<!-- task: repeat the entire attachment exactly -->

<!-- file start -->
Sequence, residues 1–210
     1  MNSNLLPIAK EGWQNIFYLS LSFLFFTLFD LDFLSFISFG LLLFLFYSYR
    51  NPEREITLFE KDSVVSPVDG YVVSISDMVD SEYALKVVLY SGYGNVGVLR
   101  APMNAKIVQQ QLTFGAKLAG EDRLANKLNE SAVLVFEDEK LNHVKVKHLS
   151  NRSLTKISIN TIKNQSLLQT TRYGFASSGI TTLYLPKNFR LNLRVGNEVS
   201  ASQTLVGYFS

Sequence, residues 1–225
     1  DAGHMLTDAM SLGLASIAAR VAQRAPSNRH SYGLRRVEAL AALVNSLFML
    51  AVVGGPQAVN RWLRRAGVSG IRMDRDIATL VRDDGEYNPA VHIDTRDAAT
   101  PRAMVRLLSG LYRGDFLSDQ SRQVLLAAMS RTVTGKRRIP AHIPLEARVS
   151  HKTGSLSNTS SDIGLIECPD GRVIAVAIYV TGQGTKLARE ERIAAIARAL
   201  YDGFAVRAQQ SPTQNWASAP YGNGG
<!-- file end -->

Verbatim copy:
Sequence, residues 1–210
     1  MNSNLLPIAK EGWQNIFYLS LSFLFFTLFD LDFLSFISFG LLLFLFYSYR
    51  NPEREITLFE KDSVVSPVDG YVVSISDMVD SEYALKVVLY SGYGNVGVLR
   101  APMNAKIVQQ QLTFGAKLAG EDRLANKLNE SAVLVFEDEK LNHVKVKHLS
   151  NRSLTKISIN TIKNQSLLQT TRYGFASSGI TTLYLPKNFR LNLRVGNEVS
   201  ASQTLVGYFS

Sequence, residues 1–225
     1  DAGHMLTDAM SLGLASIAAR VAQRAPSNRH SYGLRRVEAL AALVNSLFML
    51  AVVGGPQAVN RWLRRAGVSG IRMDRDIATL VRDDGEYNPA VHIDTRDAAT
   101  PRAMVRLLSG LYRGDFLSDQ SRQVLLAAMS RTVTGKRRIP AHIPLEARVS
   151  HKTGSLSNTS SDIGLIECPD GRVIAVAIYV TGQGTKLARE ERIAAIARAL
   201  YDGFAVRAQQ SPTQNWASAP YGNGG